WASHINGTON, DC – Recognizing that there are commonsense goals on which all Americans can agree, Democratic Leader Harry Reid (D-NV) and Senator Hillary Clinton (D-NY) today urged colleagues from both sides of the aisle to support the Clinton/Reid Prevention First amendment to the budget resolution. The amendment seeks to improve women’s health, reduce the rate of unintended pregnancies and prevent abortions.
“We can find not only common ground, but common sense in the Prevention First amendment we are offering today” said Reid. “Whether you are pro-life or pro-choice, our amendment advances goals we should all share: reducing the number of unintended pregnancies, reducing the number of abortions and improving access to women’s health care.”
“This amendment takes a common sense step towards strengthening access to contraception for women while also reducing healthcare costs borne by taxpayers and employers,” said Senator Clinton. “We should all be able to agree that reducing the number of unintended pregnancies and improving access to women’s health care should be a priority.”
Every dollar spent on family planning services saves three dollars in pregnancy and birth-related costs for Medicaid alone. And although the Centers for Disease Control and Prevention included family planning in its published list of the Ten Great Public Health Achievements in the 20th Century, the U.S. still has one of the highest rates of unintended pregnancies among industrialized nations.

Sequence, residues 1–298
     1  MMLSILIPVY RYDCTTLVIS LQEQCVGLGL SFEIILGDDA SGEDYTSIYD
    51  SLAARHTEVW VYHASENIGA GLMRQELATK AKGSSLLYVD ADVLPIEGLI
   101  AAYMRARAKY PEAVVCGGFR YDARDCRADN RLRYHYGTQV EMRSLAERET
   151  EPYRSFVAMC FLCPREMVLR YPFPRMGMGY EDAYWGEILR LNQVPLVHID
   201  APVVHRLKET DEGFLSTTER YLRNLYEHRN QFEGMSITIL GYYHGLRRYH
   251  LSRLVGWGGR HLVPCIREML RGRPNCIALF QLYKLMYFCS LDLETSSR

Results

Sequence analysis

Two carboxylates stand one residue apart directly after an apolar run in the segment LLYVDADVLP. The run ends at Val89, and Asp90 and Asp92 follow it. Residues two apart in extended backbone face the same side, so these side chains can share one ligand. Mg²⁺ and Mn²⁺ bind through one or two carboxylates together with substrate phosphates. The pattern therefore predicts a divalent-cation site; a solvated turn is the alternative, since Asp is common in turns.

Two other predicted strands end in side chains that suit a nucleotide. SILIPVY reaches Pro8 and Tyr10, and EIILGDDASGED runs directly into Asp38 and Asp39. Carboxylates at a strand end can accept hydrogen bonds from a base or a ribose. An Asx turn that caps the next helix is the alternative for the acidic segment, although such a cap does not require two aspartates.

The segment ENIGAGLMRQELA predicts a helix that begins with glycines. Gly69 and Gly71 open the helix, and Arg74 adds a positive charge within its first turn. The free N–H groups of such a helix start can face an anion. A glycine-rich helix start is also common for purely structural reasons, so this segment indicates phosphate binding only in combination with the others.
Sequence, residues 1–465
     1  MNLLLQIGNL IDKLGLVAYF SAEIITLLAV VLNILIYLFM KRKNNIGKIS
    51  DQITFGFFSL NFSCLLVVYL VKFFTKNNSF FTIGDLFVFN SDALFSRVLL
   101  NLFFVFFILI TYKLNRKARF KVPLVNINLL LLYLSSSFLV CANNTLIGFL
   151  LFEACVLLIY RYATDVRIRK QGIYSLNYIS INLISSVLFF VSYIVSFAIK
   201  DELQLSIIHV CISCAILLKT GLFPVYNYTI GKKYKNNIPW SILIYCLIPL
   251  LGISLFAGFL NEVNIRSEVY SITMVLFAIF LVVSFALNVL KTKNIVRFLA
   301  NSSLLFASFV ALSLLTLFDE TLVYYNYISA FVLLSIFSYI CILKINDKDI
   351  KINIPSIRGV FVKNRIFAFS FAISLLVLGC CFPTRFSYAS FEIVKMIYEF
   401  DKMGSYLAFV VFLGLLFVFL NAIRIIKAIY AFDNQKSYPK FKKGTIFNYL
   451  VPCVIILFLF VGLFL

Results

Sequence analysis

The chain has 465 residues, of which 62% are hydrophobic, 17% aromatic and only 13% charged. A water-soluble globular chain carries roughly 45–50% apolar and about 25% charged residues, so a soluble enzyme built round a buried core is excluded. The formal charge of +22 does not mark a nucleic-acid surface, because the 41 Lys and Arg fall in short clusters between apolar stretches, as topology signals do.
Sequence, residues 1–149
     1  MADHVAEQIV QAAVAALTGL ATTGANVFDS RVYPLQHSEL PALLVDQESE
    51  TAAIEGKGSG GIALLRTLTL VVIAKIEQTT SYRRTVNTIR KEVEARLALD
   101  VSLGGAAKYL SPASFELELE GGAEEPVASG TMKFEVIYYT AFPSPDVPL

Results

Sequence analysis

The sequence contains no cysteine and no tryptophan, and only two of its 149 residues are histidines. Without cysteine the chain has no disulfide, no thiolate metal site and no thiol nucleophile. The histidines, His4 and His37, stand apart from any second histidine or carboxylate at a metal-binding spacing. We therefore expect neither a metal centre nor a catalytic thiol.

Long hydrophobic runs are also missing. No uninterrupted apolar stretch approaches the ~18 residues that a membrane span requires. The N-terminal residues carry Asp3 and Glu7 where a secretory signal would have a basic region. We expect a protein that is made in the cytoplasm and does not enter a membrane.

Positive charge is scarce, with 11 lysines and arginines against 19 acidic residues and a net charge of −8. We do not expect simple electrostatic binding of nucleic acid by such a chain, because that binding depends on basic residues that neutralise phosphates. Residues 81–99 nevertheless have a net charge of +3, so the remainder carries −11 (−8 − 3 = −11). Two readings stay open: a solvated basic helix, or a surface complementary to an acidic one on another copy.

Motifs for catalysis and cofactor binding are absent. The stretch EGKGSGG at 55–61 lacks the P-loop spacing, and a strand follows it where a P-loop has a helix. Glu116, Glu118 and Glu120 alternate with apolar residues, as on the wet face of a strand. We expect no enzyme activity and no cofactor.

The Reid/Clinton amendment would provide $100 million to: increase Title X, the nation’s only program devoted solely to making family planning services available to all women; reducing teen pregnancy; providing equitable insurance coverage for contraception; and increasing awareness about Emergency Contraception.
The Clinton/Reid amendment will also save scarce public health dollars by: reducing the number of unintended pregnancies, reducing the rate of sexually transmitted disease, reducing the costs to the Medicaid program, and providing for the early detection of HIV, breast cancer and cervical cancer.
“This amendment sends a strong statement that we think contraception should be available to women who need it so that abortion will become safe, legal, and rare,” said Clinton.
On January 24, 2005, Senators Reid and Clinton introduced S. 20, the Prevention First Act, which is a comprehensive bill aimed at reducing unintended pregnancies, preventing abortions and improving women’s health.